Coldwell Banker Townside REALTORS is a client of Handshake Media, Incorporated, parent company of Handshake 2.0.

Does Your Business Need QR Codes? An Internet Quiz

This is a QR code. Do you want to scan it?

QR codes are popping up all over.  As is often the case with new technology tools, popping up with them are numerous articles about what they are, how to create them, and examples of how they are being used.  With all that press, it’s easy to worry your business is falling behind and you must drop everything else RIGHT NOW to avoid missing the marketing innovation of the century.

Of course, it could turn out that QR codes aren’t all they are cracked up to be – or they just aren’t a good fit for you and your right people.  Many new tech breakthroughs get early adopters salivating about the possibilities, only to prove ultimately pointless for most business owners.

But which is it?  Rather than doing all the research and then finding out the new tech isn’t a good fit, how about just answering a few questions to figure out if researching QR codes is worth your time?

QR Code Compatibility Quiz

Will QR Codes help you grow your business?  Answer the 4 questions below to find out.  Give yourself one point for each “yes” answer.  Then add up your score and interpret it below.

1.  Do your customers use smart phones?
The only way to “translate” a QR code is to scan it with the camera on a smart phone.  If your customers don’t have smart phones, these codes are worthless.

2.  Do you have simple forms you want customers to fill out?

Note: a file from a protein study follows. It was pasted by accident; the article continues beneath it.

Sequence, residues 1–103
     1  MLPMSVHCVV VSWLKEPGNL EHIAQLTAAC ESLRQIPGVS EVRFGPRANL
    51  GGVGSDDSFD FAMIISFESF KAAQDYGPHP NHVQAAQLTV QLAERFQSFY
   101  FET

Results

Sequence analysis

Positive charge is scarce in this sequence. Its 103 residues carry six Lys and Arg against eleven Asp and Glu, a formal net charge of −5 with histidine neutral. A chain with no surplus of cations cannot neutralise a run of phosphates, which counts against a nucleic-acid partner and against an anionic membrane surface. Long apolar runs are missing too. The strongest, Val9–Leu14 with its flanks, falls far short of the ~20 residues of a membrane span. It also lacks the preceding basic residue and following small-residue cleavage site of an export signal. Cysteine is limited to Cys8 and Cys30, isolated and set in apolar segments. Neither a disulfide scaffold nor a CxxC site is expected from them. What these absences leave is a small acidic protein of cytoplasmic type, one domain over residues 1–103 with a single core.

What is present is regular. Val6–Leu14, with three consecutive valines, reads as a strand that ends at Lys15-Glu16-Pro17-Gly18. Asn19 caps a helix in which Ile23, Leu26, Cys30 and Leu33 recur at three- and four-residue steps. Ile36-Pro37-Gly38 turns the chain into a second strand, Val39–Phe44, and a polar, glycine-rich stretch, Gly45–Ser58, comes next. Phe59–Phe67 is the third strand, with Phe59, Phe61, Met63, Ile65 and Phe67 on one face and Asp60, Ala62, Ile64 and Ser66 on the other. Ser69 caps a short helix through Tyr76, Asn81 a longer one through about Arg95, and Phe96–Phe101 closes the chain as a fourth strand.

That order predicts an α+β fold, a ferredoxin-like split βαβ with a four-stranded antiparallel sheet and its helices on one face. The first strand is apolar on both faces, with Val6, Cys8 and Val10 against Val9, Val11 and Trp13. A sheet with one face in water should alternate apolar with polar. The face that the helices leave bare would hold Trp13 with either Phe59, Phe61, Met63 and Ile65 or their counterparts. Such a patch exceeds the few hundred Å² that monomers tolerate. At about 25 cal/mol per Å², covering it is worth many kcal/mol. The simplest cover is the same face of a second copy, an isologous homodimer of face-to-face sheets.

If you want customers to sign up for your mailing list or complete an online survey, making it easy to do in the moment is key.  Using a QR code link to the survey rather than to a traditional URL means customers can scan the code and complete the form before they leave your store, which means you don’t have to count on them remembering to do it when they get home.

3.  Does your business have a mobile app?
If your company has it’s own mobile app, advertising it with a QR code can dramatically increase downloads because scanning the code takes customers right to the install page – eliminating all of the potentially confusing (and distracting) steps it takes to navigate to it through the app store.

4.  Do your customers respond well to “secret” offers?
If so, QR codes open new opportunities to extend your offers.  Just send customers a short tutorial about how to use QR codes via e-mail newsletter, or other semi-private communication channel, tell them about the new “QR club” and how to play.  Then, display the actual code (without comment) in your store or on your website.